## ch.8/#25

704709603
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### ch.8/#25

Hi,
#25 says: A constant-volume calorimeter was calibrated by carrying out a reaction known to release 3.50kJ of heat in 0.200L of solution in the calorimeter (q=-3.50kJ), resulting in a temperature change of 7.32C. In a subsequent experiment, 100.0mL of 0.200M HBr(aq) and 100.0mL of 0.200M KOH (aq) were mixed in the same calorimeter and the temperature rose by 2.49C. What's the change in the internal energy of the neutralization reaction?

So, why in the solution is q(reaction) + q(calorimeter) = 0? Why don't we use the heat capacity of water to and 0.04mol and 2.49C to calculate the enthalpy?

Thank you!

mikezargari
Posts: 20
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### Re: ch.8/#25

I am pretty sure that q of the reaction + q of the calorimeter = 0 because the heat given off by the reaction is the same heat that is being absorbed by the calorimeter.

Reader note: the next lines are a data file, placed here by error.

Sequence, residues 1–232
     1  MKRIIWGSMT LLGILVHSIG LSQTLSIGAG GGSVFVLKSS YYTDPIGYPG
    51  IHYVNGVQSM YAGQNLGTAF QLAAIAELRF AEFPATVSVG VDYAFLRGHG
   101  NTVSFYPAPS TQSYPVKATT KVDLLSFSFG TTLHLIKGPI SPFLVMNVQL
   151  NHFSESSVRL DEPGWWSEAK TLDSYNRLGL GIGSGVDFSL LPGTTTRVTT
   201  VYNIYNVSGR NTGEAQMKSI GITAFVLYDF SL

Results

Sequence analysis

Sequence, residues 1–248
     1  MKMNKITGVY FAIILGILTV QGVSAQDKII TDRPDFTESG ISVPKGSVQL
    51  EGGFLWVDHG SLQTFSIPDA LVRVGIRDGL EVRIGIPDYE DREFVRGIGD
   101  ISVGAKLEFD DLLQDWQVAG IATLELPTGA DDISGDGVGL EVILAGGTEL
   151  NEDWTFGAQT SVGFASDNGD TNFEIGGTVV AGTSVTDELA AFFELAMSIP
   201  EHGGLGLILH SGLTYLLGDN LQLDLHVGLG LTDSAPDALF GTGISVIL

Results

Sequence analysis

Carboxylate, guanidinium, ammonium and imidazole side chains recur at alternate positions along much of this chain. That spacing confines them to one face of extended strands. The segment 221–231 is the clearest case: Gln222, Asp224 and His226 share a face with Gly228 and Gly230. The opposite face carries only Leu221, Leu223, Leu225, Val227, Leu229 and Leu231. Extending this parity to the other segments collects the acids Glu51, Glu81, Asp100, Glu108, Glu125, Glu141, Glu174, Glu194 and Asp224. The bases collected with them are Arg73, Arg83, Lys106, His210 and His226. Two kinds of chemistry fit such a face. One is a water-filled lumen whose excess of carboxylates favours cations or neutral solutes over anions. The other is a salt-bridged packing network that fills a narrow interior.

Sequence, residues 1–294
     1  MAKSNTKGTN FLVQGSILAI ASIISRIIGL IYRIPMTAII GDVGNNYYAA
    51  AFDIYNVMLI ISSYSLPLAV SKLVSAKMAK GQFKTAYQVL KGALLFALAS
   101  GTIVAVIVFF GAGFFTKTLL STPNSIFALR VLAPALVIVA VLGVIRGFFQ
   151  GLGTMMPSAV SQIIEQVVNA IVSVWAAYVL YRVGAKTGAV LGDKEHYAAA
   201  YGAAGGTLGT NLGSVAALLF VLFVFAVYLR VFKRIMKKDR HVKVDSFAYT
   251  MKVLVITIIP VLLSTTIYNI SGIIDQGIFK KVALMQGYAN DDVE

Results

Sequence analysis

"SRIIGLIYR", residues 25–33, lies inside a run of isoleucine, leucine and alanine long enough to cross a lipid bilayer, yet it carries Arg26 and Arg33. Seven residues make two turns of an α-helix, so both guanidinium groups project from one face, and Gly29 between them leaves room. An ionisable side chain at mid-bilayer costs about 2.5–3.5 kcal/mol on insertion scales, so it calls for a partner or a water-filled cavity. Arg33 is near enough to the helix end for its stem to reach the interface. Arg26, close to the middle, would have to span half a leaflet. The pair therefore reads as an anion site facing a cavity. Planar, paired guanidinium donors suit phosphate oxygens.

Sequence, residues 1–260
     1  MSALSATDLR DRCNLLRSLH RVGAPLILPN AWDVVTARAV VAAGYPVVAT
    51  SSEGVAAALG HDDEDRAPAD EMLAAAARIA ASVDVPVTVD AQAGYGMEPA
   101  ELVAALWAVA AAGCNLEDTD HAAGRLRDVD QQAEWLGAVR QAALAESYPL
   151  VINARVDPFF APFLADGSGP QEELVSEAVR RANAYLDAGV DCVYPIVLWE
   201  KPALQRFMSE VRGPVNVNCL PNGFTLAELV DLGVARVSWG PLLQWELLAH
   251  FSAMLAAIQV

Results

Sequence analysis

Chem_Mod
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### Re: ch.8/#25

The composition of the solution in experiment 1 is not specified, so you cannot figure out the heat capacity of the solution, nor can you figure out the mass of the solution. The reason that the answer does not use the other numbers is because you only need qcalorimeter to solve the problem, and the shortest way to solve this is to assume that the calorimeter will absorb any heat that the reaction gives off. To do this, you solve for C (calorimeter heat capacity) using the given q and delta T value. Since it is the same calorimeter, C remains the same for the second experiment and you simply plug in the second delta T value. qrxn is equal to -qcalorimeter because the heat of the reaction is negative since it is giving off heat, and qcalorimeter is positive because it is absorbing the heat of the reaction. I hope this helps.